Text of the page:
Now that the seasons have pretty much turned even in the southern states, it’s high time to consider the state of your furnace (or other heating devices you may have), and how to prepare your air conditioner for the winter.
If you live in the south, you may not have the need to winter-proof your AC, but if last winter in Texas taught us anything, it is that you can never be too prepared. That’s why we reached out to HVAC professionals at Action Air Conditioning, Heating & Solar. They were more than happy to tell us more about the proper way to winterize the air conditioner.
Why Is It Important?
The first question we asked them was whether it was actually that important. The answer was pretty simple – it depends on the weather. If you want to take a gamble, go right ahead. However, if you want to be safe, winterizing your air conditioner really doesn’t take that long and doesn’t cost you anything.
On the other hand, if adverse weather does damage your AC, you may be facing costly repairs that might have easily been avoided. Think of it as your car insurance – you really hope you won’t need it, but you feel a lot safer having it.
Start by Turning the AC Off
If you’re ready to start the process, the first thing you need to do is switch the whole thing off. Generally, if you won’t be using a device (not just your AC) for extended periods of time, it might be prudent to disconnect them from the grid. When it comes to ACs specifically, chances are that they don’t have a traditional plug, but rather a circuit breaker directly in your circuit board.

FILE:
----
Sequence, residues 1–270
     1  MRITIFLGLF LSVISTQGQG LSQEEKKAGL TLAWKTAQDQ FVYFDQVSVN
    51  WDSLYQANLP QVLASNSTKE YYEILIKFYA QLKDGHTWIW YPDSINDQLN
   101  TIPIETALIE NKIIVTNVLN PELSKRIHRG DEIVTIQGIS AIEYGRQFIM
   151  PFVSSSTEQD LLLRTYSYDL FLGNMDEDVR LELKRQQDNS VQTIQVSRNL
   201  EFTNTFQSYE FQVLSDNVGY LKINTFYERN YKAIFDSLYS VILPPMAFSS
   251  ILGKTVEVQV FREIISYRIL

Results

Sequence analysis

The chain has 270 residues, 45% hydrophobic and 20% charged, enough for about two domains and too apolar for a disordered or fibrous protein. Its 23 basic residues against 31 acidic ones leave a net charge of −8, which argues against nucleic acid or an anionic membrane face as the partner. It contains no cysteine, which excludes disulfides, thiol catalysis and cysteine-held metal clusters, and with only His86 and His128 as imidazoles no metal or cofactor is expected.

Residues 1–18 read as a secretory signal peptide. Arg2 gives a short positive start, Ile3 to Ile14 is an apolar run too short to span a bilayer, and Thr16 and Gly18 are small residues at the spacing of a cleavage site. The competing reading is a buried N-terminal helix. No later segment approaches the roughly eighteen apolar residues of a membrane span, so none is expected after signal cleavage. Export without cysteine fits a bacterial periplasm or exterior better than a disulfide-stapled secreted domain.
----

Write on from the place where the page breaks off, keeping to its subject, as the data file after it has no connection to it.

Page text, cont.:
If your electrical panel is properly labeled, you should have no issues determining which breaker turns the AC off. If, on the other hand, you are not sure, perhaps you should consult an electrician – they can help with this, as well as labeling your circuit board for future reference.
Clean the AC Thoroughly
Now that the device is off, you can start prepping it by cleaning the outdoor unit. The ideal conditions for the outdoor AC unit is to have at least one foot of space from anything else (including your house), as well as nothing covering it (even trees high above). This is because dirt and debris can pile up on the wire mesh covering of the device, restricting the airflow.
However, not everyone can adhere to all of these rules, which is why cleaning the outdoor AC unit really should be a part of your routine – get any leaves, twigs or just plain dirt from it to ensure it can operate at maximum capacity when it is operational.
On the other hand, when it is not running, dirt and especially any kind of moisture or pools of water need to be eliminated.
Get a Dedicated AC Cover
The final step in your winterization process should be covering the unit to further protect it from unwanted elements. Keep in mind that the cover needs to be waterproof and sturdy. Most experts recommend vinyl covers, like the ones made for swimming pools.
These covers have cords which you can (and should tighten) to ensure that no water seeps through. More importantly, though, it will keep small animals like raccoons from hiding inside, as they can cause some damage to your wiring and fins of the AC.
As you can see, winterizing your air conditioner is really not overly complicated, but can benefit you a lot. So take the time – a few hours, while the weather is still fair and winterize your AC.